Iranian President Hassan Rouhani has placed a ban on American citizens to Iran in retaliation
Tehran called the ban, which includes green card holders, an “open affront against the Muslim world and the Iranian nation”.
Travellers from Iran, Iraq, Libya, Somalia, Sudan, Syria and Yemen have already been prohibited from boarding flights to the US after Mr Trump signed an executive order yesterday to pause entry for at least 90 days.
An Iranian Foreign Ministry statement, said: “While respecting the American people and distinguishing between them and the hostile policies of the U.S. government, Iran will implement the principle of reciprocity until the offensive U.S. limitations against Iranian nationals are lifted.
"The restrictions against travel by Muslims to America are an open affront against the Muslim world and the Iranian nation in particular and will be known as a great gift to extremists.”
The United States is home to an estimated one million Iranian-Americans.
Earlier on Saturday, Iranian President Hassan Rouhani said it was no time to build walls between nations and criticised steps towards cancelling world trade agreements, without naming Trump.
Mr Rouhani, a pragmatist elected in 2013, thawed Iran’s relations with world powers after years of confrontation and engineered the country’s 2015 deal which curbed its nuclear programme in exchange for relief from sanctions.
Other global leaders have warned Mr Trump against playing with the fragile relationship between America and Iran.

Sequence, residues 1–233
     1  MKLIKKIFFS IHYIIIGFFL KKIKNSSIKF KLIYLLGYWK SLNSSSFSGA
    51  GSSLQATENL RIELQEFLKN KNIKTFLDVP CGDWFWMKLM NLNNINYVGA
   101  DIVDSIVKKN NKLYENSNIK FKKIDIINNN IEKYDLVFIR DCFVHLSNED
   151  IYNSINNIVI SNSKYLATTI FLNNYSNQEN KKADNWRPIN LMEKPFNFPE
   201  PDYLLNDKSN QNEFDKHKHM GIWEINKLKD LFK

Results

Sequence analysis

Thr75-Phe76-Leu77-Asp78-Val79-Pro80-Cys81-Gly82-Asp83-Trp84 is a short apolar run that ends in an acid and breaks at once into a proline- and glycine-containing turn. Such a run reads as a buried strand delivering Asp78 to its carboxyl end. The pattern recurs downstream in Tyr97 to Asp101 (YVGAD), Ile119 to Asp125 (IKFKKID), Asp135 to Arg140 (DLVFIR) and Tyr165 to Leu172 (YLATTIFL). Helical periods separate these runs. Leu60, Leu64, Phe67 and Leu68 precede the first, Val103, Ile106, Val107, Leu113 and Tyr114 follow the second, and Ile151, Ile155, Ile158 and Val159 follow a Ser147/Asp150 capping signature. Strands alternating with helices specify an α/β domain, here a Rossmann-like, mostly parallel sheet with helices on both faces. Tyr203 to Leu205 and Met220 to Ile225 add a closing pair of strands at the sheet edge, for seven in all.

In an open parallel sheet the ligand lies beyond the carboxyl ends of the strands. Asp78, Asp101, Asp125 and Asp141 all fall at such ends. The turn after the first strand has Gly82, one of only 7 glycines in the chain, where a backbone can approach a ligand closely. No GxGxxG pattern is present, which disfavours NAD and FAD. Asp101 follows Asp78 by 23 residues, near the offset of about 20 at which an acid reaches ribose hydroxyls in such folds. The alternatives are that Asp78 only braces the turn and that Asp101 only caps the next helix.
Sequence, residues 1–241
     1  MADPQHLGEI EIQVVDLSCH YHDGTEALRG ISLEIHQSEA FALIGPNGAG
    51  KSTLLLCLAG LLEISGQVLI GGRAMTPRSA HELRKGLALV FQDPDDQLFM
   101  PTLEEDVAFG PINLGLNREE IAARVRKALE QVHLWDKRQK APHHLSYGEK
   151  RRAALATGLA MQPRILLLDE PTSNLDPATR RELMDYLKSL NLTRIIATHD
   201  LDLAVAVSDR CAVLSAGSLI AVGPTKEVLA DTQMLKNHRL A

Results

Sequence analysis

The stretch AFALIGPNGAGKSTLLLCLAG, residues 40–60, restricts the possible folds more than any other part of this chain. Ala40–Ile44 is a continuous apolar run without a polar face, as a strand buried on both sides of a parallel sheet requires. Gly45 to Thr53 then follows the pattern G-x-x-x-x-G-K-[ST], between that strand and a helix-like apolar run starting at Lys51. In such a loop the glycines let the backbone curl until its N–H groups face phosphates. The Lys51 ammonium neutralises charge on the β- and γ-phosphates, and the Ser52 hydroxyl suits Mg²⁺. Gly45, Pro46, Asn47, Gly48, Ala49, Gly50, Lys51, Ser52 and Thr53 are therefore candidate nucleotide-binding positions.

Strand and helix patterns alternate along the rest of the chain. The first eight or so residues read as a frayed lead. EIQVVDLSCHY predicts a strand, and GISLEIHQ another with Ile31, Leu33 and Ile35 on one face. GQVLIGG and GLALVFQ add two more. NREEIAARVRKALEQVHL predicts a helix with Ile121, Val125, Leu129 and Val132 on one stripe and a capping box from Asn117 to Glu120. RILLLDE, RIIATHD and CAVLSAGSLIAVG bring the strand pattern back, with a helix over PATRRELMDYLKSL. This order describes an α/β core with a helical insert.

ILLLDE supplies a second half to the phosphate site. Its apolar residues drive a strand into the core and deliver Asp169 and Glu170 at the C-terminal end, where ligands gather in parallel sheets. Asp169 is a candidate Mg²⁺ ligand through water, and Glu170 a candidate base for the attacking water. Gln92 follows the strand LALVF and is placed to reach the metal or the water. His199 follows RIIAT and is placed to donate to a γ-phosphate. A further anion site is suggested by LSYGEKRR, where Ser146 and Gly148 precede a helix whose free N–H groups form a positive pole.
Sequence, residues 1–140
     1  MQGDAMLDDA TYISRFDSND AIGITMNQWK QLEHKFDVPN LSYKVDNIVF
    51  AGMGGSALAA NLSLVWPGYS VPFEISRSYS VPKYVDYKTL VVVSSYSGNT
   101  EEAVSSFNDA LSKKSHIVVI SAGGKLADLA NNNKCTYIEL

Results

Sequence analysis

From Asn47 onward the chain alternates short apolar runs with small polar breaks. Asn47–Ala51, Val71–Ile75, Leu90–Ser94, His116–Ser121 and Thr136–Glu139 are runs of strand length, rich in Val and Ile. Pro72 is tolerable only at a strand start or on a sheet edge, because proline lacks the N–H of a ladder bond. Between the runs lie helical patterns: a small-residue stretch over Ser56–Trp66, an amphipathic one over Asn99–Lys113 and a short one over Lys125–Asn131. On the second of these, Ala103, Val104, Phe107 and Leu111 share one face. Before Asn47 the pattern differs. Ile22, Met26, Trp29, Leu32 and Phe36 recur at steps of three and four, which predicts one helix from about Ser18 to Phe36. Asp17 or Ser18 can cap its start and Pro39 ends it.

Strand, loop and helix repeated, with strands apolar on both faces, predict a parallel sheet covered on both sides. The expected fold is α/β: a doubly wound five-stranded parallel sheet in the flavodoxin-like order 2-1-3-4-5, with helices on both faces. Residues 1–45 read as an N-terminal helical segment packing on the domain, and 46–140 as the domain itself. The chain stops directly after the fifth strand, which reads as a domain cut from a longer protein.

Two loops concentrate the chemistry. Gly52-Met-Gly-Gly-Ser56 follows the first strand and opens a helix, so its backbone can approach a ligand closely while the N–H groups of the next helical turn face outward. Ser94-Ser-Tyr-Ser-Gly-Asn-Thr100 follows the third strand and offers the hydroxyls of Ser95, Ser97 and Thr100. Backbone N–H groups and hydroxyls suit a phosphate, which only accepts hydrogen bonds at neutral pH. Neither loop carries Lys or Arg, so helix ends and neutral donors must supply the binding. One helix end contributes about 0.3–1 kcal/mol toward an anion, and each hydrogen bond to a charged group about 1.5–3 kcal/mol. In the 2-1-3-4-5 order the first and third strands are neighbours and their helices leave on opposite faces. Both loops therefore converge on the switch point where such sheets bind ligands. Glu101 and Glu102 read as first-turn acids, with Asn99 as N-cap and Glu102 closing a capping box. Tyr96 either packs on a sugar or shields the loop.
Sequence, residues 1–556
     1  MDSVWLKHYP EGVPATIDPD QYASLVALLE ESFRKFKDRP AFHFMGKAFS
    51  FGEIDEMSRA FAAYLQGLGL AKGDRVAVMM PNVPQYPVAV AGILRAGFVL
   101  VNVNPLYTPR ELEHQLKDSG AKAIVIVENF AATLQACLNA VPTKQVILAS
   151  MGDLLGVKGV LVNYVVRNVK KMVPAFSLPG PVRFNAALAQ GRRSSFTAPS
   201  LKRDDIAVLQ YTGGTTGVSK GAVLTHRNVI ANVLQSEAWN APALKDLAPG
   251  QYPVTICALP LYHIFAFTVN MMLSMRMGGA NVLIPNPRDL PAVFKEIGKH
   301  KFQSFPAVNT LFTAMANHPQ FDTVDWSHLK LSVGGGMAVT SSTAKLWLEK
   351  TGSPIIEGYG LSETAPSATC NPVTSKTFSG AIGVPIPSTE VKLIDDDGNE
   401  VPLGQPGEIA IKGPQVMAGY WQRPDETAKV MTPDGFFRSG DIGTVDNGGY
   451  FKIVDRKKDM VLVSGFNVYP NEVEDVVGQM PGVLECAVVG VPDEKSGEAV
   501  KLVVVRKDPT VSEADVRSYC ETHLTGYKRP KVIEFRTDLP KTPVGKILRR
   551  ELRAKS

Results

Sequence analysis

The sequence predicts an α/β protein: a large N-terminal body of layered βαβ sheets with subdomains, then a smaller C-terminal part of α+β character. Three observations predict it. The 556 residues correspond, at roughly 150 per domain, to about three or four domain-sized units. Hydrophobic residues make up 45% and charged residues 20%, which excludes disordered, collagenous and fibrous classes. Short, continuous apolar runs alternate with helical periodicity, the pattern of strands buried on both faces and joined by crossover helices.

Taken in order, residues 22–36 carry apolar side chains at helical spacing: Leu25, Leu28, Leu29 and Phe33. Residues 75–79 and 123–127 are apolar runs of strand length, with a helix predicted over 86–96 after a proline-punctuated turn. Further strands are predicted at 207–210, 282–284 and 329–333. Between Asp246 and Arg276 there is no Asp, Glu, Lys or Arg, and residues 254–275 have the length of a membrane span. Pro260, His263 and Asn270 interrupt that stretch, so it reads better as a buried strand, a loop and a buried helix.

During a phone call with French President François Hollande today, he warned Mr Trump to be vigilant on Iran and said the nuclear deal should be respected.
Russian President Vladimir Putin also spoke to Mr Trump on the phone today, with the pair also discussing the Iranian nuclear programme as well as the situation on the Korean Peninsula.
Mr Trump’s most far-reaching action since taking office plunged America’s immigration system into chaos today, with not only refugees but legal US residents being turned away at airports as they feared being stranded outside the country.
Najeeb Haidari, a Yemini-American security manager in Yemen, said: "It's not right to portray huge groups of Arabs and Muslims as possible terrorists.
"This is a stupid, terrible decision which will hurt the American people more than us or anybody else, because it shows that this president can't manage people, politics or global relationships."
Immigration lawyers and advocates worked through the night on Friday trying to help stranded travellers find a way back home.
Lawyers in New York sued to block the order, saying many people have already been unlawfully detained, including an Iraqi who worked for the US Army in Iraq.
And Iranian film director Asghar Farhadi, is up for his second Oscar for best foreign language film at the Academy Awards with The Salesman but will not be able to attend the ceremony due to the ban.
Arab travellers in the Middle East and North Africa said the order was humiliating and discriminatory.
It drew widespread criticism from US Western allies including France and Germany, Arab-American groups and human rights organisations.